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No room for ‘one trick ponies’ in modern job market

If you’re hoping to land a job in 2016, you should probably have a few in-demand skills under your belt, such as some knowledge of coding, data and analytics experience, and a knack for social media.

Sound like a lot? According to a new analysis by labor market analytics firm Burning Glass, commissioned by Bentley University, you better get used to it.

Next year, business employers will be looking for “hybrid workers,” people with multiple skills across multiple functions: For example, human resources managers who excel at social media, and sales representatives who are also IT professionals.

Gloria Larson, president of Bentley University, said the Waltham-based business school commissioned the study to find out which skill sets were most required for graduating students going into business.

“We wanted to know what was happening to the jobs themselves, be it marketing, or business development, or HR,” Larson explained.

Burning Glass analyzed data from 24.5 million U.S. company job listings from September 2014 to August 2015, looking for which key skills showed up across nine job categories like business, IT, marketing, HR, and data analytics.
HybridJob_Bentley

The company found that 71 percent of in-demand skills were required across two different job categories, meaning candidates with cross-category skills would be the most marketable in the future, and many jobs that were previously popular are in decline, as their “once-innovative” skills have become mainstream and integrated into other roles.

For example, postings for social media strategists have fallen 64 percent in the last five years, even though the skill of social media strategy has risen by nearly 376 percent in HR jobs, 150 percent in sales jobs, and 117 percent in marketing. And though job postings for web designers have fallen 8 percent, the skill of web design has risen by 11 percent in marketing and 9 percent in graphic design.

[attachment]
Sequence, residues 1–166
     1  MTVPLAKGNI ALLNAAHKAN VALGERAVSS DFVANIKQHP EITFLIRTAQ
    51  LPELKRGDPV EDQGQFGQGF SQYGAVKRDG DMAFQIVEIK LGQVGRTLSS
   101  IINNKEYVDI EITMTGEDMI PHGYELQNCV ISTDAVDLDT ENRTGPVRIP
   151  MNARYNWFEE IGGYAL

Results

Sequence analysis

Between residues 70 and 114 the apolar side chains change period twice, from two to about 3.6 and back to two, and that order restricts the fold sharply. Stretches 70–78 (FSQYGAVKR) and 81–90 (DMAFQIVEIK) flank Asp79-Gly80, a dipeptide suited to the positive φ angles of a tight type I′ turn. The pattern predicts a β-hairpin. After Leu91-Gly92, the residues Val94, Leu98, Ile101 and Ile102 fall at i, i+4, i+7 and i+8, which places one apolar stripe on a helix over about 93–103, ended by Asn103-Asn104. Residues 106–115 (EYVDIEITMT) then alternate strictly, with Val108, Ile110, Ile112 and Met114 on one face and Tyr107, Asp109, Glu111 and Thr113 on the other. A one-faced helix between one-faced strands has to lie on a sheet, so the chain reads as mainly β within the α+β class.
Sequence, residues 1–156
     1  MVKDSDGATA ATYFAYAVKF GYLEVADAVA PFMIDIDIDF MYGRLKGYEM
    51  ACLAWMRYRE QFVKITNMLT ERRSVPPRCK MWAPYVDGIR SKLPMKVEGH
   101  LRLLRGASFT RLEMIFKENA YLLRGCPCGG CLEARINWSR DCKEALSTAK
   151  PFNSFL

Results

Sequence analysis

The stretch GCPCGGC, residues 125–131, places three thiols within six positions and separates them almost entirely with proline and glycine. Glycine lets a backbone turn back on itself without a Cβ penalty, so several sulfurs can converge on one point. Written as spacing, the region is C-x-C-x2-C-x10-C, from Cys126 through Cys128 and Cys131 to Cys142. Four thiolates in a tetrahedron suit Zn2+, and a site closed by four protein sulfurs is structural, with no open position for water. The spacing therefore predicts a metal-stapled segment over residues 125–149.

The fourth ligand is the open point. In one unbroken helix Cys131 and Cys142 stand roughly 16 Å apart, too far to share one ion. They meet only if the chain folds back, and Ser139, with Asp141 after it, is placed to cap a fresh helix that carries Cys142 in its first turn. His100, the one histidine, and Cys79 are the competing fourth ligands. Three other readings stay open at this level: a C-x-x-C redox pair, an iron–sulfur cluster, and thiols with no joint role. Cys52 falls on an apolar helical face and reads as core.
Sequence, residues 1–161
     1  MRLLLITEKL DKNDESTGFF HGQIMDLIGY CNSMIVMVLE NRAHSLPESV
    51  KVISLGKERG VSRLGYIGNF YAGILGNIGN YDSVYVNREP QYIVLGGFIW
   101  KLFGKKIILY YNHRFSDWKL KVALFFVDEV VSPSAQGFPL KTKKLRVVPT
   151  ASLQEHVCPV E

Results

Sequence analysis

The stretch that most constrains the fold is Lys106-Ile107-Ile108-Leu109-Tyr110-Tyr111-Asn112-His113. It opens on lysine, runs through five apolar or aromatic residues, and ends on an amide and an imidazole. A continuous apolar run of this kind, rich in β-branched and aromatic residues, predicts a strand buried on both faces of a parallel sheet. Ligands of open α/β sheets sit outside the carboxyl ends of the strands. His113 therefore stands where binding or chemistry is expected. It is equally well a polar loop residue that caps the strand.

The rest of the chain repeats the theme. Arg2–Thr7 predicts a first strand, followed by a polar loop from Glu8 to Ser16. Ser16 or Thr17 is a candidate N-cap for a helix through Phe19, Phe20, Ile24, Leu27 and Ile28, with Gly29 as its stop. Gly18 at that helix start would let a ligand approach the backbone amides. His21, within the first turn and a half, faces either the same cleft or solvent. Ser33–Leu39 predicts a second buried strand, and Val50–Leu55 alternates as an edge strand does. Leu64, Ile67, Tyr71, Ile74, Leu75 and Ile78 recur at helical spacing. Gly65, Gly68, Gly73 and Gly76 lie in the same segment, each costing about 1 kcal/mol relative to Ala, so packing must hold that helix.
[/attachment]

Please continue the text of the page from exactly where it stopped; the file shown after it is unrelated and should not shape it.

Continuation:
“Based on the data we analyzed, 2016 looks to be the year of the hybrid job – and the hybrid employee,” Larson said. “The successful employee of tomorrow will need to combine traditional soft skills such as communication and collaboration with the hard, technical skills that used to belong to a select tech-savvy group.”

Some skills are more marketable than others.

The top three skills needed across the nine job categories were business development, knowledge of Oracle – a database management system, and mathematics, but knowing multiple coding languages like SQL and SAP, and having experience with data analysis were also extremely valuable, Burning Glass found.

Having these skills on your resume can make a significant difference to your starting salary, Larson added. “Anyone with data and analytics experience is going to skew higher salary-wise [than their counterparts,]” she said. “Those with social media experience will skew higher but a little less. Same with sales.”

If you want to build your skillset in college, Larson recommended you look for a school that offers interdisciplinary majors. If you’ve already graduated, she suggested registering for individual courses in data analytics or coding, or finding a design, marketing, or programming boot camp in your area like Boston’s computer programming school, General Assembly.

For those who are already employed, and want to expand their skillset within their company, Larson said workers should see if their employer would pay for them to take individual courses at a local or online college, or earn a masters degree.

“If you’re a web designer, you need to expand your universe,” Larson said. “Social media strategists are basically dinosaurs now. You’re going to be encompassed by something else like communications or marketing. My advice would be go get some experience directly in something else, or ask to take on new responsibility at your company to broaden your cross-category skillset.”

Source: http://www.boston.com/jobs/news/2015/11/23/room-for-one-trick-ponies-modern-job-market/UHjdquhToe8leBitfuT3JL/story.html

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